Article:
On the ascent, students should feel the weight distributed equally on both feet as they allow the upper body to ride up on the strength of the legs. The femurs naturally rotate inward without gripping the muscles, and the sitz bones move together. The back of the pelvis narrows (folds up) and the front widens.

Whether it's a plié or another movement, all dancers have problem spots or areas in which they'd like to improve. Students can meet these challenges by learning anatomy and then using imagery to understand it in their own bodies. The end result: greater technical ease, strength and flexibility—all with less tension and effort.

Related Articles Around the Web
Dance Teachers Trending
Photo courtesy of Kreiling

While training with Abby Lee Miller in Pittsburgh, Rachel Kreiling underestimated the studio's requirement of enrolling in every class. The versatile curriculum (tap, ballet, hip hop, modern, acro, lyrical and jazz) paired with Miller's unconventional teaching style, since showcased on "Dance Moms," greatly impacted Kreiling's own style and relationship to music. "Abby would play the music and choreograph within the phrasing, but rarely to actual counts," she says. This resulted in a huge positive learning component. "I had to learn musicality myself," says Kreiling, who left the studio at age 18 after graduating, more than a decade before the Lifetime network show aired. "And studying every style became instrumental in my attachment to music," she adds. "I'm always seeking out new genres and diverse songs." After a performing career that included a Broadway-style revue at Tokyo Disney, Revolution (a tap tour with Mike Schulster), and dancing with Alison Chase/Performance and in a Rasta Thomas contemporary ballet, Kreiling began assisting Suzi Taylor at Steps on Broadway in New York City. In 2007, Kreiling, who describes her class as extremely athletic and technical, became full-time NYCDA faculty.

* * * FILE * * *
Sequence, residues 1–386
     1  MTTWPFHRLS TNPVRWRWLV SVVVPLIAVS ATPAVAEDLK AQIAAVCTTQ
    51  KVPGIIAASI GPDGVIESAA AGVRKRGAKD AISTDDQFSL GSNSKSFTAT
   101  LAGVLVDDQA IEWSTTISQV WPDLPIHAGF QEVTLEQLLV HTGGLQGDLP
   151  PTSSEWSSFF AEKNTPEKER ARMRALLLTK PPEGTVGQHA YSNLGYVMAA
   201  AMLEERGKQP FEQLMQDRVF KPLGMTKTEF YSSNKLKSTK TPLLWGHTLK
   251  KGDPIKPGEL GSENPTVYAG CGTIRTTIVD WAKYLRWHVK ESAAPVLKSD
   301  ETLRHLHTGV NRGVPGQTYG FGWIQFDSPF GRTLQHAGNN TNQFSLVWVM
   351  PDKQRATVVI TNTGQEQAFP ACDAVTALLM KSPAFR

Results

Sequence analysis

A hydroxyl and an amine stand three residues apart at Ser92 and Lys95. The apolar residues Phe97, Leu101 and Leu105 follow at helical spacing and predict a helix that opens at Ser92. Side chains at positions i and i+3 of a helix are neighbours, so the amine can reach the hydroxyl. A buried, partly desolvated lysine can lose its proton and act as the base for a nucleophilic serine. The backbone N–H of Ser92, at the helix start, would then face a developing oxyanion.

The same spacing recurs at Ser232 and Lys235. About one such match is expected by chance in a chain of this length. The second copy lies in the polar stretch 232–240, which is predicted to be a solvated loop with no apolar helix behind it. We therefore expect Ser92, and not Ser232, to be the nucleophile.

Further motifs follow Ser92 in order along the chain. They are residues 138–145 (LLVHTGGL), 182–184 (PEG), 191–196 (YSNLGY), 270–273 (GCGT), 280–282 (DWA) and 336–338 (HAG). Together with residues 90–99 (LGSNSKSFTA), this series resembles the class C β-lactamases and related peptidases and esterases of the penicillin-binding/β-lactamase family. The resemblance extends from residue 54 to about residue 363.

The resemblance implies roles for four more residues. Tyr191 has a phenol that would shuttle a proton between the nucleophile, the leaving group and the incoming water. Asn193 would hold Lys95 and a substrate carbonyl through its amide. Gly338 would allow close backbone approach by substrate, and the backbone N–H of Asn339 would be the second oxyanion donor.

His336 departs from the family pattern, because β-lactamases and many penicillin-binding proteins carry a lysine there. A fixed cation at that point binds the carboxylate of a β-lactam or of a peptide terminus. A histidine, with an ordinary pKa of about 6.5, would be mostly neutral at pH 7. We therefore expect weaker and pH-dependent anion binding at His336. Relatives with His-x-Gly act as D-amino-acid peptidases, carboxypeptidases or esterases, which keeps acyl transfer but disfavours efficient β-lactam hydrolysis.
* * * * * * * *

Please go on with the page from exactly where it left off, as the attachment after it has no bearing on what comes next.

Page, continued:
Keep reading... Show less
Dance Teachers Trending
Photo by Jerome Capasso, courtesy of Man in Motion

Finding a male dance instructor who isn't booked solid can be a challenge, which is why a New York City dance educator was inspired to start a network of male dance professionals in 2012. Since then, he's tripled his roster of teachers and is actively hiring.

Keep reading... Show less
Dancer Health
Getty Images

Q: Two years ago, one of my dancers fractured her ankle and was out for six months. Upon her return, I cautiously allowed her to take pointe class, but treated her as if she was a beginner, because she was rolling out into supination, and I was fearful she would reinjure her ankle. Her mother feels I have held her back and changed to another studio. Did I make the right choice?

Keep reading... Show less